What is Astrobiology?

The sky and everything that goes on beyond our planet’s atmosphere is something that fascinates us here at the blog. How much there is to discover! And this is just natural, of course. As a species we’ve been looking up at the sky since time immemorial. Through it we’ve tried to explain different phenomena occurring on Earth, and we’ve speculated on what forces influence and shape the sky and space as we see it.
We’ve come a long way since the birth of modern astronomy a few centuries ago. The invention of telescopes have enabled us to observe heavenly bodies as never before. Today, we’re even able to create precise star maps that show the unique alignment of celestial objects at a given place and time. We’re even able to predict the trajectory of comets and asteroids in space. This would be technically impossible without the technological advances we’ve achieved, especially throughout the last century.

However, the study of astronomy is now not merely confined to the observation of stars and other heavenly bodies. We’ve reached a point in which the very nature of life is at the center of our astronomical research. Which is why today we bring you a new feature on the field of astrobiology. But what in the heavens is astrobiology? Keep reading to find out.

A definition of astrobiology

To put it bluntly, combine the study of the universe and the cosmos (astronomy) with the study of life (biology) and there you go, you’ve got astrobiology! What is astrobiology, though? Astrobiology is an interdisciplinary scientific field concerned with the origins and evolution of life in the universe. In other words, it’s a science which means to deepen our understanding of life, and how it is affected by the nature of its surrounding environment. This includes the study of planets, planetary systems and stellar interactions and processes.

For instance, it is well known that the universe was born with the Big Bang, 13.8 billion years ago. The study of astrobiology goes as far back as the birth of the universe, to the inception of the chemistry of life. What is astrobiology’s goal? To understand the origin of the building blocks of life and determine how a combination of biogenic elements created the conditions for life. Similarly, astrobiology also tries to explain how life is affected by its environment, and whether life can beyond its planet of origin.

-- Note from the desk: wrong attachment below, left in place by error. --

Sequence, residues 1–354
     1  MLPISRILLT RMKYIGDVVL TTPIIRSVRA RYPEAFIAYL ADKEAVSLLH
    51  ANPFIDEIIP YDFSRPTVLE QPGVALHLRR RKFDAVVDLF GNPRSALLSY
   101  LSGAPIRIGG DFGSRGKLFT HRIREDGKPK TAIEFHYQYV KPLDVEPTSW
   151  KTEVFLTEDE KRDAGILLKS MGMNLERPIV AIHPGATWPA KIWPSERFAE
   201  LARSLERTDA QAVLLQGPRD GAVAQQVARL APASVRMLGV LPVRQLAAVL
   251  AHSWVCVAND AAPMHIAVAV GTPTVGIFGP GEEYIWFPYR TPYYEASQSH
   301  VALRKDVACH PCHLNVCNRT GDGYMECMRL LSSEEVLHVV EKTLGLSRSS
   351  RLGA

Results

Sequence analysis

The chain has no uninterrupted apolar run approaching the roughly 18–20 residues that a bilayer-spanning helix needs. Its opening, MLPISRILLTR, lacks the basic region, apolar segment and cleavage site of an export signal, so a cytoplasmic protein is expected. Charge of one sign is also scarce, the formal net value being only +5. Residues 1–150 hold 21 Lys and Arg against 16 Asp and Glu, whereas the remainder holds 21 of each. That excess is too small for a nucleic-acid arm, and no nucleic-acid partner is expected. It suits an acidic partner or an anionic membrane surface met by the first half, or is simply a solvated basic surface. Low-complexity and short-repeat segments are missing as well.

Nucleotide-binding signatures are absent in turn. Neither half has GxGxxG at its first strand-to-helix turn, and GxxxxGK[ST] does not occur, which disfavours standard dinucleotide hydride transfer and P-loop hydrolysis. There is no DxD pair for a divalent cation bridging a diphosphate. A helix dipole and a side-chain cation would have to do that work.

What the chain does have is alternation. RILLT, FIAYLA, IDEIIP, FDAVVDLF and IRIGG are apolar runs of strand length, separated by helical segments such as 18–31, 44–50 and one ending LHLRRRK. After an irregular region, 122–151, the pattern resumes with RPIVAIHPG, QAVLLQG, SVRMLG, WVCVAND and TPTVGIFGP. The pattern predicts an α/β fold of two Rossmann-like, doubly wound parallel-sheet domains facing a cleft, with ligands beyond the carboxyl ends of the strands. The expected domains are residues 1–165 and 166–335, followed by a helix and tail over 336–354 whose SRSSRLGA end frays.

We know what you’re thinking. Does astrobiology delve in the subject of extraterrestrial life? The answer is yes! Why wouldn’t it? Astrobiology considers the question of whether extraterrestrial life exists, and if it does, how humans can detect it. In this sense, the definition of astrobiology wouldn’t be complete without emphasizing what astrobiology is at its core: the study of life anywhere in the universe.

Exobiology: the study of extraterrestrial life

Thus far, we’ve explained and defined what astrobiology is: the study of life anywhere in the universe, including the Earth. On the other hand, exobiology is a branch of biology and astrobiology dealing exclusively with extraterrestrial life forms. Today, the forefront of astrobiology and exobiology aims at understanding the origin of life on Earth in order to enable the future colonization of other planets.

Just think about it: the idea of a human mission to Mars has been a huge subject of science fiction for many years. It is deeply ingrained in our collective consciousness. And it could soon be a reality! NASA and SpaceX, among other entities, are going as far as suggesting that we could land on Mars sometime during the next decade. The implications for our species are huge. How cool would it be to be able to go to Mars, a planet we’ve seen so many times among other stars in star maps or even on our phone cases?
Therefore, one of astrobiology’s main goals today is to detect those organisms that are able to survive space travel conditions and to maintain their capacity to proliferate. This would be of crucial importance to make possible the sustainability of life as we know it beyond the limits of our planet. And we have such a long way to go. As Albert Einstein once said, "the universe is stranger than we can imagine.'' Luckily for us, we’ve got astrobiology to try to explain it!

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